Protect your identity and preserve your credit scores and ability to borrow in 2015
The numbers are staggering. More than 36 million Americans have been victims of identity theft in the past five years, according to the Federal Trade Commission’s Identity Theft Survey Report, issued in August of 2014. Even more shocking is the number of thefts by relatives. Of 9135 people surveyed who reported identity theft to the FTC, 9% said a family member was responsible.
Great tips for protecting yourself from identity theft can be found online at the USDOJ website where they outline steps you can take to protect yourself and limit the potential for future hacks of your identity. The first step is to routinely check your account activity and make sure to take advantage of the free annual credit report to review any previous inquiries and red flags.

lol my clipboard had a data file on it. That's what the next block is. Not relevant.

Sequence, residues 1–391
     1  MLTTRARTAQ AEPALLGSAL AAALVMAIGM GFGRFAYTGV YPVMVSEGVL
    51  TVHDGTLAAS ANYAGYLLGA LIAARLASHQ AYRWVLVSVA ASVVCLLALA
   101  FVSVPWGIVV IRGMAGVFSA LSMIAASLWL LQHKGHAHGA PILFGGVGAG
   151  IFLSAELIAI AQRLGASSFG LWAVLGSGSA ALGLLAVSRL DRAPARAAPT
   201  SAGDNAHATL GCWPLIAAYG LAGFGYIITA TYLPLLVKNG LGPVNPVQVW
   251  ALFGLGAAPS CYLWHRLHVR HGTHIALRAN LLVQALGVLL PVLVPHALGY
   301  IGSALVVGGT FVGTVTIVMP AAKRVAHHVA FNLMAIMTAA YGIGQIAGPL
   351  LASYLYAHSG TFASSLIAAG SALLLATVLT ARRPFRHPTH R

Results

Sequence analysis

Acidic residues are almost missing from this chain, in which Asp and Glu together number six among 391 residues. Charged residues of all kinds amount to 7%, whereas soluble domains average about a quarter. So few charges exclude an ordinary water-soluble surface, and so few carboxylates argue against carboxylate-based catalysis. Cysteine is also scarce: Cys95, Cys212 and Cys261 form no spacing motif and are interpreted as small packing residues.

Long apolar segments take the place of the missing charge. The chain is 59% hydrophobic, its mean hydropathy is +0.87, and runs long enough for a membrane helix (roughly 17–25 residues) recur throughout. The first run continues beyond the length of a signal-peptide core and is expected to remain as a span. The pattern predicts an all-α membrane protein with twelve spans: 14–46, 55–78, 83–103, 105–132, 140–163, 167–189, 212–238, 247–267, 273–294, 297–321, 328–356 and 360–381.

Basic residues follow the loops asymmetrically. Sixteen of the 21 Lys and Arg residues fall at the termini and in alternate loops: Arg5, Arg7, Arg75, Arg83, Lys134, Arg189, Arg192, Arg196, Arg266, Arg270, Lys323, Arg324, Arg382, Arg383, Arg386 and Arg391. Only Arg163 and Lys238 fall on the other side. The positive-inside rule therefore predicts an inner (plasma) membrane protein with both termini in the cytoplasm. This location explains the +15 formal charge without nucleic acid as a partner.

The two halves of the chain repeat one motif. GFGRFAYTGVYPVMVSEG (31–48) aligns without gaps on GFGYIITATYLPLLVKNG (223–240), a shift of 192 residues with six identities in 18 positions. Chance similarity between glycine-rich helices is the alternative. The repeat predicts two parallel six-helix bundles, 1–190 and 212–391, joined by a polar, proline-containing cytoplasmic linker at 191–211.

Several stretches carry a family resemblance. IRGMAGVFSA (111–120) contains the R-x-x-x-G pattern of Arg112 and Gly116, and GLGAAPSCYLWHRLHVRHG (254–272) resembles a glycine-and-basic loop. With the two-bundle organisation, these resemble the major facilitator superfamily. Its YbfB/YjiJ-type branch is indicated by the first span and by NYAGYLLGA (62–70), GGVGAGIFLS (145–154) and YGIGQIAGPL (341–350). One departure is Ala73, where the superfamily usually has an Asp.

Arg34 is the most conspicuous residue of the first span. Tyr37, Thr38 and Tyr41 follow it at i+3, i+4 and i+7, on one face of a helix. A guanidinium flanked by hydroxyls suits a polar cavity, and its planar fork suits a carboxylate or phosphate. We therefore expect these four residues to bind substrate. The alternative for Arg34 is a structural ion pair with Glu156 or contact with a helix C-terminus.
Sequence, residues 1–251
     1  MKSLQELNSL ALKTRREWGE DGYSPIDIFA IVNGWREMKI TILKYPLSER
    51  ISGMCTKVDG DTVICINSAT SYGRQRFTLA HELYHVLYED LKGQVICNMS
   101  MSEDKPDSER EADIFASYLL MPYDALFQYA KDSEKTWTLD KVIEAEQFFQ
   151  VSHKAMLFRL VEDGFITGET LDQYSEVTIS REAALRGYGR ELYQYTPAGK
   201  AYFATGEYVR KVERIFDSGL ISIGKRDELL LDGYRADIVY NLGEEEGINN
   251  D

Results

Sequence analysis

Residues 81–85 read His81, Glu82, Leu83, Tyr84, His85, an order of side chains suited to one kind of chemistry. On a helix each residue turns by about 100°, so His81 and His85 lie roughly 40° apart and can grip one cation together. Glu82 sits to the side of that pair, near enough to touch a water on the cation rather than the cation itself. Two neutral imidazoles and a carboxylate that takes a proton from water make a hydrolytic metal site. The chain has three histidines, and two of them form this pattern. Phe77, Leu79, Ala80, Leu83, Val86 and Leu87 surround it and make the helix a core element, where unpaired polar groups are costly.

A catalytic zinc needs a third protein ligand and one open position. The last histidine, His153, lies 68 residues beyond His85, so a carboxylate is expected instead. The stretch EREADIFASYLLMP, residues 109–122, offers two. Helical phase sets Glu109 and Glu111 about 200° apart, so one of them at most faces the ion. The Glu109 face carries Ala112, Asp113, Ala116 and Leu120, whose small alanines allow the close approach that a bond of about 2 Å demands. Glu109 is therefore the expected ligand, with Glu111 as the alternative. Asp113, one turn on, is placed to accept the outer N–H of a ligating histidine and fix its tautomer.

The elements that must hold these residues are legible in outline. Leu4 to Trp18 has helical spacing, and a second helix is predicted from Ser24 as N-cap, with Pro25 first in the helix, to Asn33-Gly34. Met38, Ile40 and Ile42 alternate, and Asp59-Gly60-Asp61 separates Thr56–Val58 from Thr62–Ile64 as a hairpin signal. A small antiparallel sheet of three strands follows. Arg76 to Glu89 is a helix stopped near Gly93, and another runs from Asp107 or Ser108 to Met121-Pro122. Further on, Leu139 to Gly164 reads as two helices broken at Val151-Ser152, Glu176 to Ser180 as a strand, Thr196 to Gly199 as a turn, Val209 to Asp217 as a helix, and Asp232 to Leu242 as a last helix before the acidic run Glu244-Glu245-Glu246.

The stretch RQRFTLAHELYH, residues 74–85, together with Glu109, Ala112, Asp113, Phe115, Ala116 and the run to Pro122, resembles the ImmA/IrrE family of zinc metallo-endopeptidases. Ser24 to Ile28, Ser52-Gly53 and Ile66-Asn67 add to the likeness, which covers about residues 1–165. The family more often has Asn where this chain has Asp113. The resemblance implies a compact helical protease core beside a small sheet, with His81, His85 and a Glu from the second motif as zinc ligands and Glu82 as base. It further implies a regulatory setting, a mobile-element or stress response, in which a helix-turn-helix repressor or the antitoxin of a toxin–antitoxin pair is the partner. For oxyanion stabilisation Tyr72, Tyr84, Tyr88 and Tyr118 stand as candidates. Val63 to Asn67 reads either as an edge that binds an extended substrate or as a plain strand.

Financial experts say parents who destroy their own finances increasingly are tempted to “borrow” their children’s good credit. As co-signers, all they need is a birth date and Social Security number, information they either know or have easy access to.
Other family “thieves” include children, siblings, cousins, aunts, and uncles. Unfortunately, the only options for victims of familial credit abuse are paying off the debt in large chunks or filing a complaint that could send your relative to jail.
Experts recommend you order a copy of your credit report annually from each of the “big three” credit reporting agencies:
Victims should request that a red flag be placed in their file to help prevent anyone else from opening fraudulent accounts.